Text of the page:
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Raised on Christian MilkFood and the Formation of the Soul in Early Christianity$
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John David Penniman

Print publication date: 2017

Print ISBN-13: 9780300222760

Published to Yale Scholarship Online: January 2018

DOI: 10.12987/yale/9780300222760.001.0001

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The Symbolic Power of Food in the Greco-Roman World

The Symbolic Power of Food in the Greco-Roman World

Chapter:
(p.23) One The Symbolic Power of Food in the Greco-Roman World
Source:
Raised on Christian Milk
Author(s):

John David Penniman

Publisher:
Yale University Press
DOI:10.12987/yale/9780300222760.003.0002

This chapter highlights some of the foundational philosophical, medical, and moral texts that account for the power of nourishment within the formation of the human person in the Greco-Roman world. Focusing primarily on Hippocratic treatises, Plato, and Aristotle, it first considers how classical anthropological theories about the relationship between body and soul broadly emphasize the importance of food in shaping human nature (both bodily and intellectually). The chapter then turns to the social and political context of the Roman Empire and its explicit program of family values within which breast-feeding and child-rearing were highly politicized—and thus highly theorized—activities. These disparate texts contribute to the discourse of human formation in antiquity. In each attempt to describe or theorize the power of food, such writings are located within a larger ideological constellation about eating and feeding, the result of which is what the book broadly identifies as the symbolic power of nourishment. This symbolic power produces a tension, or at least an ambiguity, between statements about actual nourishment and what it was specifically believed to do, on the one hand, and the symbol of nourishment as a nebulous cultural value, on the other.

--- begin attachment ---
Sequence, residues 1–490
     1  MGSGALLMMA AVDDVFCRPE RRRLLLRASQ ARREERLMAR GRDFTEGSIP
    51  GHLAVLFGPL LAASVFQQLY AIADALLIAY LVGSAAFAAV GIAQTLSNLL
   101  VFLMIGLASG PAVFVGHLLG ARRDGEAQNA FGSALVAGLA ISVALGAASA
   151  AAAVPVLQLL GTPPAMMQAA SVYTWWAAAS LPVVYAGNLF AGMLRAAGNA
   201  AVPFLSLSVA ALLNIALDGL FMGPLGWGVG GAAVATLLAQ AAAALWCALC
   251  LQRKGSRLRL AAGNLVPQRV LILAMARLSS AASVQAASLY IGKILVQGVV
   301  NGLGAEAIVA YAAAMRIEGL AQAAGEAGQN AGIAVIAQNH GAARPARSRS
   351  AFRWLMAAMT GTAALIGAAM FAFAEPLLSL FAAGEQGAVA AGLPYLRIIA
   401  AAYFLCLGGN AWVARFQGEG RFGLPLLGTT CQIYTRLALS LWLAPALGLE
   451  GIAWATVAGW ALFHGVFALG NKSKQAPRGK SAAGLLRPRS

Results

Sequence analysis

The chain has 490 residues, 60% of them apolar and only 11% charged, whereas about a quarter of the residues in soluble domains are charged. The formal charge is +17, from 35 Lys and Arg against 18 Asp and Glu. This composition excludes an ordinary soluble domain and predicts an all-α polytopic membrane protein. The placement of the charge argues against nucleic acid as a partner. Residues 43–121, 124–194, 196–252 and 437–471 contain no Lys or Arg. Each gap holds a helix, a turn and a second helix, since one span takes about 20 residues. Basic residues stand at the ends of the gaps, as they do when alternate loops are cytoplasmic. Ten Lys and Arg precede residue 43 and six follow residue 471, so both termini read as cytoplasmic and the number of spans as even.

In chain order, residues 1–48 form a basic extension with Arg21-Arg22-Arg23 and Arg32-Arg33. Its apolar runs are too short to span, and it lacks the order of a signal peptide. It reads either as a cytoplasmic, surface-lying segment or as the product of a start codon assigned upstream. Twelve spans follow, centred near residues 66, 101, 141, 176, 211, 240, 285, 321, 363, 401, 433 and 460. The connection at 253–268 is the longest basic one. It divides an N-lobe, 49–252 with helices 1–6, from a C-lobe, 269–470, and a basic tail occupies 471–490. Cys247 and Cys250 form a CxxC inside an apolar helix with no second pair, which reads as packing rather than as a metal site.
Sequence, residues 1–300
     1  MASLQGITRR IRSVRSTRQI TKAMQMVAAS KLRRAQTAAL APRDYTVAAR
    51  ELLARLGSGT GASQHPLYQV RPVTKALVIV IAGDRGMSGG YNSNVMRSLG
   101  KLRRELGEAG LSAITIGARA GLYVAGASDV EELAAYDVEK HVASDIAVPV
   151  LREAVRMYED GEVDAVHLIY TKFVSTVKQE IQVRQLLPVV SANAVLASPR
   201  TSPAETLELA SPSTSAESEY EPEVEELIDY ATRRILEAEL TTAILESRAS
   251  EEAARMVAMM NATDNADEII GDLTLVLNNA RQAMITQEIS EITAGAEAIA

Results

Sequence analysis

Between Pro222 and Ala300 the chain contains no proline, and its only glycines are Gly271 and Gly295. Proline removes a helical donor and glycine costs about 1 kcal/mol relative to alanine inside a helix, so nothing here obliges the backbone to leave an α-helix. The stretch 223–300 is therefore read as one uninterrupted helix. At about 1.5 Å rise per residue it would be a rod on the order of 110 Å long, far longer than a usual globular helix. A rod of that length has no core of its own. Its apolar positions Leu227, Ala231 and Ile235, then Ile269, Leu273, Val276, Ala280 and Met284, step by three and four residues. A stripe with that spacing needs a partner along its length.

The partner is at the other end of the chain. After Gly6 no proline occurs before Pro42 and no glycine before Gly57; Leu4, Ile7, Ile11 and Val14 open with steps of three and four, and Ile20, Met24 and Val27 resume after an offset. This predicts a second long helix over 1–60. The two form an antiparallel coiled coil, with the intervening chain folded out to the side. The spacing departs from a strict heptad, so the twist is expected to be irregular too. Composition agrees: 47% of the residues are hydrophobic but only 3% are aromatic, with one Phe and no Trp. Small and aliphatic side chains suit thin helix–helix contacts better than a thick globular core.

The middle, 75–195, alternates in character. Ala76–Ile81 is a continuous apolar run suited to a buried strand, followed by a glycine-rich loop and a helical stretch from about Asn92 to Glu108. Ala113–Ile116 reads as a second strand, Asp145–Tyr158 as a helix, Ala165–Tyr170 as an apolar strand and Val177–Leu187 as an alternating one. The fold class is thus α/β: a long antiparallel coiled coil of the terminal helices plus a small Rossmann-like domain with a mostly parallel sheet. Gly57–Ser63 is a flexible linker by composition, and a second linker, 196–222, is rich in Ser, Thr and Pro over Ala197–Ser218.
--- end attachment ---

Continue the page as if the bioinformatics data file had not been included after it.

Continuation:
Keywords:   Hippocratic Tradition, Aristotle, Plato, Galen, Roman Empire, Ancient Medicine, Pneuma, Augustus Caesar, Wet-nursing, Food

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